Erdogan CEVHER Erdogan CEVHER - 23 days ago 11
R Question

Pass the additional argument "nrow" (no. of rows) to the as.data.frame function in R?

(reproducible example given) How to pass the additional argument

nrow
to
as.data.frame
in R?

In
?as.data.frame
, it is given:

as.data.frame(x, row.names = NULL, optional = FALSE, ...)

... additional arguments to be passed to or from methods.


With the co-worker
matrix(..., nrow)
, it is:

set.seed(1)
df <- as.data.frame(matrix(c(rnorm(5),rnorm(5), rnorm(5)), nrow=5, byrow=TRUE))
df
# V1 V2 V3
# 1 -0.6264538 0.1836433 -0.8356286
# 2 1.5952808 0.3295078 -0.8204684
# 3 0.4874291 0.7383247 0.5757814
# 4 -0.3053884 1.5117812 0.3898432
# 5 -0.6212406 -2.2146999 1.1249309


Without
matrix(..., nrow)
simulator, it is:

set.seed(1)
df <- as.data.frame(c(rnorm(5),rnorm(5), rnorm(5)))
df
# c(rnorm(5), rnorm(5), rnorm(5))
# 1 -0.6264538
# 2 0.1836433
# ..................................
# 15 1.1249309


I want to pass
nrow
as an argument to
as.data.frame
that will replace the job of
matrix(...,nrow)
. The help file of
as.data.frame
seems to say it is achievable. But how?

Answer

c(rnorm(5),rnorm(5), rnorm(5)) is just a vector. (And, btw, would be simpler to write as rnorm(15).) When you call as.data.frame on a vector, S3 dispatch will end up using as.data.frame.vector. Your question assumes that internally as.data.frame.vector converts the input to a matrix before putting it into a data frame. This is an incorrect assumption.

Because as.data.frame.vector would only ever be called on a single vector, it knows it only has one column to deal with so it has a relatively simple job. You can look at the code by typing as.data.frame.vector and you will see that no matrices are used and that, in this method, ... is also not used in the function body.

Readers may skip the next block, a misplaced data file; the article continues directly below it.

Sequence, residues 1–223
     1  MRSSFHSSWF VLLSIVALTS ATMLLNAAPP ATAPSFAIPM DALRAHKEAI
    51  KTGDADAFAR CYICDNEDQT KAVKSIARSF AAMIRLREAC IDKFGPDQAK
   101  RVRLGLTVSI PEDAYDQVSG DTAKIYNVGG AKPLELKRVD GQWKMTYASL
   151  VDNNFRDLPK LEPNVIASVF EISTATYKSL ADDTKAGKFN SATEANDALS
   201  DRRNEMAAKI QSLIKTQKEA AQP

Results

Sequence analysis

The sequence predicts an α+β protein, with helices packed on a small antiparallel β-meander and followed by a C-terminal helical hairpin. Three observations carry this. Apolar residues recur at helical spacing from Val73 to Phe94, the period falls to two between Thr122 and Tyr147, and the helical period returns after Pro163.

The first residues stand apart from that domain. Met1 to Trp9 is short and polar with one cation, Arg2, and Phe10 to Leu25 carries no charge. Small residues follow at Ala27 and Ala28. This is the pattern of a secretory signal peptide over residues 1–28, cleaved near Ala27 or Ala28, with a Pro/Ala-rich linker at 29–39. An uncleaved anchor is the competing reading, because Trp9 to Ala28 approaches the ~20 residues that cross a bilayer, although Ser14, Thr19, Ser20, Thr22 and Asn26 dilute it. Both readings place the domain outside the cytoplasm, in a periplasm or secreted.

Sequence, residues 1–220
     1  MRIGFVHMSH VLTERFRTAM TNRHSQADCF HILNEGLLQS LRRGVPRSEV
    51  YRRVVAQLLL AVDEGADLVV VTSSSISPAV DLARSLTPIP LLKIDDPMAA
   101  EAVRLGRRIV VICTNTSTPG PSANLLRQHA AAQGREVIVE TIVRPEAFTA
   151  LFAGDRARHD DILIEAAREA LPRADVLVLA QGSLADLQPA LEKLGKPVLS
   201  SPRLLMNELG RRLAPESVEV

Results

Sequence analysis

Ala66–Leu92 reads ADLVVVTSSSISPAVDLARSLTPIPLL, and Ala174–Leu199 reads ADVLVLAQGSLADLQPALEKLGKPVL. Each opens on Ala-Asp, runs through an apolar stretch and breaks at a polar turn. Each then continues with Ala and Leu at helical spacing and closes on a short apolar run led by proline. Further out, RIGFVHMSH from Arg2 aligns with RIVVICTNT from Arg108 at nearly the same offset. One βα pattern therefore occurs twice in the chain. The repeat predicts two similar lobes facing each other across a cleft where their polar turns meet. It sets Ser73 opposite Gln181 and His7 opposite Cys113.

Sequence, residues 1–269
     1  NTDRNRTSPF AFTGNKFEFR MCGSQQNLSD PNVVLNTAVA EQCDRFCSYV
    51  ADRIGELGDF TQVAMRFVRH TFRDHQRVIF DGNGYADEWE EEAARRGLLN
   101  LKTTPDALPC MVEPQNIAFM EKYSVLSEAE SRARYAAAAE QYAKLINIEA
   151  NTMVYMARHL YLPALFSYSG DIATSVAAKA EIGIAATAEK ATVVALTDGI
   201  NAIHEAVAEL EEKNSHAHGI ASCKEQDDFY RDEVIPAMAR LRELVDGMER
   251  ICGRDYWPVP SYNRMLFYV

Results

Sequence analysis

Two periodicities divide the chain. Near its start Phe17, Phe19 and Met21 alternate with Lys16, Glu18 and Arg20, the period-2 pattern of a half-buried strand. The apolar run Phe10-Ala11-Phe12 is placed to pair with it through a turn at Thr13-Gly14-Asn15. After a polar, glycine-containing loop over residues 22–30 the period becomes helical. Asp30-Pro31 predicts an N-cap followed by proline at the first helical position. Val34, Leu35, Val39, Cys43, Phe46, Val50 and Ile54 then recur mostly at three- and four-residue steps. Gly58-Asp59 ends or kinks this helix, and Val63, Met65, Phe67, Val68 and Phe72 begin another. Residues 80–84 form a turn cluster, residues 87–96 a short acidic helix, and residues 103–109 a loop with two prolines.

You have code that works, as.data.frame(matrix(your_vector, nrow = your_nrow)). It's a good solution. Be content.

It makes sense for matrix or as.matrix to have an nrow argument because all elements of a matrix must have the same type. Thus it is common for a vector (in which all elements must also have the same type) gets turned into a matrix with rows and columns. A data.frame allows each column to be of different types, so "wrapping" input data from one column to the next is unusual - it's not assumed that the next column is a continuation of the previous. Given your example, it's worth asking if you even want a data frame - computations with matrices are much faster as it is a simpler data structure.


There are many ways to create the data frame you want. The following will all work (only the column names will differ, the data values are the same). How you generate the input vector is up to you.

set.seed(1)
d1 = as.data.frame(matrix(rnorm(15), nrow = 5))

set.seed(1)
d2 = data.frame(replicate(3, rnorm(5)))

set.seed(1)
d3 = data.frame(rnorm(5), rnorm(5), rnorm(5))

set.seed(1)
my_vectors = list(rnorm(5), rnorm(5), rnorm(5))
d4 = as.data.frame(do.call(cbind, my_vectors))